Wada removes Kenya from doping watchlist

By Our Reporter

Kenya got a reprieve after it was removed from the list of countries
being monitored by the World Anti-Doping Agency (Wada) over doping.

Wada stopped any further monitoring against Kenya after the country
was found to have been able to compliant and committed in the fight
against doping in sports.

In an official communication by Wada Lead Auditor Kevin Haynes to the
Anti Doping Agency of Kenya (ADAK), he directed Wada’s Compliance Unit
not to proceed with the Compliance Monitoring Procedure against Kenya.

“We have reviewed all the documents provided and concluded that you
have successfully addressed all critical and important corrective
actions as outlined in the Final Audit Report,” said Haynes in a
letter dated September 1, this year to Anti-Doping Agency of Kenya
(Adak) Chief Executive Officer, Japhter Rugut.

“On behalf of the audit team, I would like to thank you again for your
cooperation and commitment to the fight against doping in sport,” said

In the letter, Haynes said Wada will continue to monitor Kenya’s
implementation of anti-doping programs and also be available for any
assistance or support to ADAK if required.

Haynes noted that Kenya’s case was not presented to the Compliance
Review Committee on August 22, 2017, as outlined in the letter dated 9
August 2017.

Kenya was still WADA’s watch list even after Wada removed the country
from its Doping Code’s non-compliant list in August last year
following the country’s move to enact anti-doping laws.

In a statement from Adak, Rugut lauded Wada for their support in
ensuring that Adak complied with all the audit requirements and
acknowledging the role Adak played in ensuring that Kenya continues to
participate in international sporting events.

Kenya was declared non-compliant on May 12, 2016 despite the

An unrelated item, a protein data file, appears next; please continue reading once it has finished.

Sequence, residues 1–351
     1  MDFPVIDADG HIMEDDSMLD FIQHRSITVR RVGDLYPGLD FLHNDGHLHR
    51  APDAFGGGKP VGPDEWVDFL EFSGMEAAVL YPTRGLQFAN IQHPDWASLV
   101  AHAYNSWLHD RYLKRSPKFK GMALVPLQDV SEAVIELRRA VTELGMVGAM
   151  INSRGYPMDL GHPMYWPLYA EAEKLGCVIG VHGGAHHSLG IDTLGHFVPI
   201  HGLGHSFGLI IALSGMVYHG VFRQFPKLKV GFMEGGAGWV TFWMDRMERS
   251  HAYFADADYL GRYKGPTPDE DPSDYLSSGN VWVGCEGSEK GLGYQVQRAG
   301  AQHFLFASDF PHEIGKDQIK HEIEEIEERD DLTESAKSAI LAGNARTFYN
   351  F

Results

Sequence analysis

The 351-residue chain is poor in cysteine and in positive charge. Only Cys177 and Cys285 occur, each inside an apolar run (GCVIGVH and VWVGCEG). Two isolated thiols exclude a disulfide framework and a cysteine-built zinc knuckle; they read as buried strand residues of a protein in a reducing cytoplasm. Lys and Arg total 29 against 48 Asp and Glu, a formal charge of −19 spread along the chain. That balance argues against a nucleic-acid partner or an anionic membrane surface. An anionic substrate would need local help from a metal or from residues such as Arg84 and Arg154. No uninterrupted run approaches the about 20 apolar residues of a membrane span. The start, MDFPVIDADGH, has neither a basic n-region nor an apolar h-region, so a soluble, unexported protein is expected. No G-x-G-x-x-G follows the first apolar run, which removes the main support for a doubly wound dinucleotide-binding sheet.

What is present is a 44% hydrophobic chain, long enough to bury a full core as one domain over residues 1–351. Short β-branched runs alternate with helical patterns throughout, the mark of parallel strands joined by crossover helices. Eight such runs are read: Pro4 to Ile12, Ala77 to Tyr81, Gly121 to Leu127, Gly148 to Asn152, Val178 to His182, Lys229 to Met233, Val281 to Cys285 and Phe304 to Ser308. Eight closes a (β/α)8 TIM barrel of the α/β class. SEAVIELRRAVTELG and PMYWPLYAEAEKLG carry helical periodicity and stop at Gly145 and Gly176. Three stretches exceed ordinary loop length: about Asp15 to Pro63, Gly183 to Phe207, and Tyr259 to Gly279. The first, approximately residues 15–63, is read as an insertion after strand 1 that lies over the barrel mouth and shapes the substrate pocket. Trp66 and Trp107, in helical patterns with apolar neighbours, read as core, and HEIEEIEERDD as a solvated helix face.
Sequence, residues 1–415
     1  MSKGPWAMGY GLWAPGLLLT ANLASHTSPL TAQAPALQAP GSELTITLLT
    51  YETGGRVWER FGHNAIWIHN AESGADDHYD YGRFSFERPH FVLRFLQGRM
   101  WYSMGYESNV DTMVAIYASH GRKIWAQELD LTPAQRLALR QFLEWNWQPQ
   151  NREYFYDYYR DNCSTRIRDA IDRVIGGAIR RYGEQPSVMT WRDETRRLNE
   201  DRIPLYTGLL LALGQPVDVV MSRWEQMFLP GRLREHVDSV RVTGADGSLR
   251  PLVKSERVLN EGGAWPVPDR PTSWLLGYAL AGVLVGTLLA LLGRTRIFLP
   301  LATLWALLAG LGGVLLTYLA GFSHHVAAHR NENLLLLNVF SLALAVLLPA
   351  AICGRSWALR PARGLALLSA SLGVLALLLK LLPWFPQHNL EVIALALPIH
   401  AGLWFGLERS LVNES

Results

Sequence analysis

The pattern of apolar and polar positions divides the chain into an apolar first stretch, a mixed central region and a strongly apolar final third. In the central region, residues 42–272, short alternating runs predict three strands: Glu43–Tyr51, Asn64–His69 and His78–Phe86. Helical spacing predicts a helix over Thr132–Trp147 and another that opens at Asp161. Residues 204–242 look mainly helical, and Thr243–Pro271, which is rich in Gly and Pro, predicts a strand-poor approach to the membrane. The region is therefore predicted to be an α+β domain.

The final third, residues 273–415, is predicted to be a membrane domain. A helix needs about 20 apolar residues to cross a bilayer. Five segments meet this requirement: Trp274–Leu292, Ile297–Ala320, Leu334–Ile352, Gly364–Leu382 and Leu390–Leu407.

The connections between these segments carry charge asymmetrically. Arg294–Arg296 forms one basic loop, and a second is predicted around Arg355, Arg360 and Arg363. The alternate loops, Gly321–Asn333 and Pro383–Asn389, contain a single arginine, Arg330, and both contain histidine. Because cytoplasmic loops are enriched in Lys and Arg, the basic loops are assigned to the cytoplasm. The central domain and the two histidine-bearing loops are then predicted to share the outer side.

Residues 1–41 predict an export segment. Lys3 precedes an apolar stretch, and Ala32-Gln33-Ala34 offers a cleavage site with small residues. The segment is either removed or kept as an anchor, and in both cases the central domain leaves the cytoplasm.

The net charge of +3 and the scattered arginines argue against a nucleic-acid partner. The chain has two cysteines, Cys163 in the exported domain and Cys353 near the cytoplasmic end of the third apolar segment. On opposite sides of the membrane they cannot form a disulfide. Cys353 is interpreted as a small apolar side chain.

fast-tracked passing of the Anti-Doping Law of 2016 placed the
unwanted spotlight on the nation’s revered track and field team.

Kenya got into trouble with WADA after the country missed two
deadlines to comply with the Code or risk her athletes being thrown
out of international competition including the Olympics whose opening
ceremony is on Friday.

The establishment of the Anti-Doping Agency of Kenya (ADAK) and
enactment of anti-doping legislation were listed as key requirements
as the anti-doping watchdog clamped down on Kenya to deal with the
menace of using banned performance enhancing substances.

On June 16, 2016, WADA approved the changes made to the faulty
anti-doping legislation which had earlier been passed by parliament
before it was signed by President Uhuru shortly after.

The new law is being felt with authorities cracking down on suspects
with already two Italians and five Kenyans being charged offences
related to doping.

Kenyan athletes were placed on the world athletics governing body
(IAAF) radar list till December last year while the International
Olympics Committee (IOC) allowed the country’s athletes to compete at
the 2016 Rio Olympics but were tested twice and results processed by
internationally accredited labs before being allowed to compete.

The Regional Anti-Doping Organization (Rado) Africa Zone V was
mandated to conduct the tests at the team’s camp in Eldoret because of
ADAK’s non recognition by IOC slapped with the non-compliant tag.

When WADA’s board met in Montreal, Canada in May last year, its
compliance committee had ruled that Kenya was “non-compliant, citing
issues related to the anti-doping legislation.

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